The Philippine House of Representatives recently passed a law lowering the minimum age of criminal responsibility from 15 to 12 years old. Under the bill, a child who is aged 12 or older who comes into conflict with the law will be criminally liable and be sent to prison within a youth care facility rather than receiving other social interventions.

For a country that claims to put a high value on families, our laws do not protect children. Aside from the criminal age of responsibility being 12 years old, the de facto legal age of sexual consent is also 12.* Despite there being no legal protections for children in sexual relationships at such young ages, the government mandates that in order to access contraception, a girl must be 18 years old. If she is not, she needs parental consent.

Until recently, young people concerned about HIV also needed to be 18 in order to obtain an HIV test without parental consent. But the recently strengthened HIV/AIDS law lowered the age to 15. Why did they do that? They did it because of the recognition that young people are having sex. And if the government can go ahead and recognize that young people are having sex and allow them to access HIV testing, why will they not allow them to access contraception? This HIV testing concession will help protect young people against sexually transmitted infections. Why not make the other concession to help prevent unwanted and unplanned teen pregnancies?

I write about teen pregnancy, maternal deaths, and HIV infection frequently. All three are a big problem in Palawan. In fact, a recent Palawan News article highlighted according to the Population on Commission (POPCOM), 11 Palawan municipalities are included in the MIMAROPA region’s list of 27 municipalities with the highest cases of teen pregnancy.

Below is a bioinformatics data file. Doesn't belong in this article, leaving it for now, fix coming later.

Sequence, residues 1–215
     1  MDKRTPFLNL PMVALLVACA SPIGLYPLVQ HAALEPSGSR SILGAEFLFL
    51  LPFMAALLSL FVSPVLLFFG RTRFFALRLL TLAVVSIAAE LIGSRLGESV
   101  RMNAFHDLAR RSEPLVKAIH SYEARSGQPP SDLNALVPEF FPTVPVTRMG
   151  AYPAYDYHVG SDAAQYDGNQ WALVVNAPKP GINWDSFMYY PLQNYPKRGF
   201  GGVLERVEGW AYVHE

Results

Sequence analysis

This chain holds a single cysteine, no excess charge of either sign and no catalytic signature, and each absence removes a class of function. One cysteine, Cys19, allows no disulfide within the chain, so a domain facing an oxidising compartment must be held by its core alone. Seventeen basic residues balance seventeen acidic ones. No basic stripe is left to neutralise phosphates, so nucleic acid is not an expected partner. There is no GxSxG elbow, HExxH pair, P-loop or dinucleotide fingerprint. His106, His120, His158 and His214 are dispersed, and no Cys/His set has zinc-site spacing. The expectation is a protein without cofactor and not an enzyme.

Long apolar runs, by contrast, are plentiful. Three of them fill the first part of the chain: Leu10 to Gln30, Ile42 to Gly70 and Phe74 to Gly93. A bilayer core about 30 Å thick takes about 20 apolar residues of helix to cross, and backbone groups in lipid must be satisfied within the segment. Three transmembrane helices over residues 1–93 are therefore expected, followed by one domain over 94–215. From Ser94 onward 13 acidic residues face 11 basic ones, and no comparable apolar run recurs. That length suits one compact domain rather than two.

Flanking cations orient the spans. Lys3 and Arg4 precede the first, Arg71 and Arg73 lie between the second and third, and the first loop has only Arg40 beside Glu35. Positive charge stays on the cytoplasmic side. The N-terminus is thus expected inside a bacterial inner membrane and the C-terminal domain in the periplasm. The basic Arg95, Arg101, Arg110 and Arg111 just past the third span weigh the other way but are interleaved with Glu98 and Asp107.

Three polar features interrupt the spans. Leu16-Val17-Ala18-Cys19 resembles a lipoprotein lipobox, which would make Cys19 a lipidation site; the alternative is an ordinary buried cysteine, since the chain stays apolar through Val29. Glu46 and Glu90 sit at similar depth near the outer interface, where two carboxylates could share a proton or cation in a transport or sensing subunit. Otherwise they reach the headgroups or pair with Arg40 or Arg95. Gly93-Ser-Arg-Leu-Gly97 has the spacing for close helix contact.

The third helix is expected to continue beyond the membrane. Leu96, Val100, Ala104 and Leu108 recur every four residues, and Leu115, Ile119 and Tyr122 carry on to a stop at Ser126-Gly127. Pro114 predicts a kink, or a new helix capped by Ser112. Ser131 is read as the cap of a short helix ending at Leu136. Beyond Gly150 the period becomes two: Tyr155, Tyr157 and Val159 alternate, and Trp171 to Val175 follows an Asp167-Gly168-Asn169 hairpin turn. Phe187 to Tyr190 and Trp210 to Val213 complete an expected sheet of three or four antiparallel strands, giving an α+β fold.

Among the reasons that our sexual health outcomes are so bad are that young people do not have access to comprehensive sexuality education (CSE), and they do not have access to contraceptives that would help them to engage in safer sex practices if and when they begin having sex.

The Reproductive Health Law mandates CSE in schools but the Department of Education has yet to invest funds and time in creating a curriculum.

Young people who try to access contraception are routinely shamed and turned away. When we have trained Barangay Health Workers in the past on Adolescent Sexual and Reproductive Health, we pose this scenario: What would you do if a sexually active young person came to you asking for contraception? The most common answers were: “I would reprimand her and tell her to stop”, and “I would tell her mother”. Both of these responses point to the fact that most adults do not approve of the idea of young people having sex. But whether we approve or not, people who want to have sex will have sex. If contraception is not available, they will just do it unsafely. When we followed up with those BHWs and said “So would you want that young person to get pregnant?” they all said no. But they didn’t initially realize that their actions could help lead to that outcome of the young person having a baby.

Whether we want to admit it or not, young people are having sex. Data from hospitals on teen births and stories from teachers and principals about their students who drop out all demonstrate that many young people are having sex. Yet instead of laws that would protect our children and young people, our laws make it harder for them to have any legal protections against rape and make it easier for them to contract sexually transmitted infections and have unplanned pregnancies. If the government really wants to protect children, the age of consent should be raised, and the age of accessing contraception should be lowered.

*The Age of Consent in the Philippines is 12 years old. The age of consent is the minimum age at which an individual is considered legally old enough to consent to participate in sexual activity. Individuals aged 11 or younger in the Philippines are not legally able to consent to sexual activity, and such activity may result in prosecution for statutory rape or the equivalent local law. Philippines statutory rape law is violated when an individual has consensual sexual intercourse with a person under age 12. Senators Risa Hontiveros and Win Gatchalian have been lobbying to raise the age of consent to 18 years old.

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